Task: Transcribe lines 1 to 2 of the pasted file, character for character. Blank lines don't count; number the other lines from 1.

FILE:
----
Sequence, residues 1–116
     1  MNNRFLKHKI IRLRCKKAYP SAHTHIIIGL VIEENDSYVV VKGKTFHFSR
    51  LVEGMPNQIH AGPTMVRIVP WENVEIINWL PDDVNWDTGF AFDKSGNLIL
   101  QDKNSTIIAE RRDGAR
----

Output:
Sequence, residues 1–116
     1  MNNRFLKHKI IRLRCKKAYP SAHTHIIIGL VIEENDSYVV VKGKTFHFSR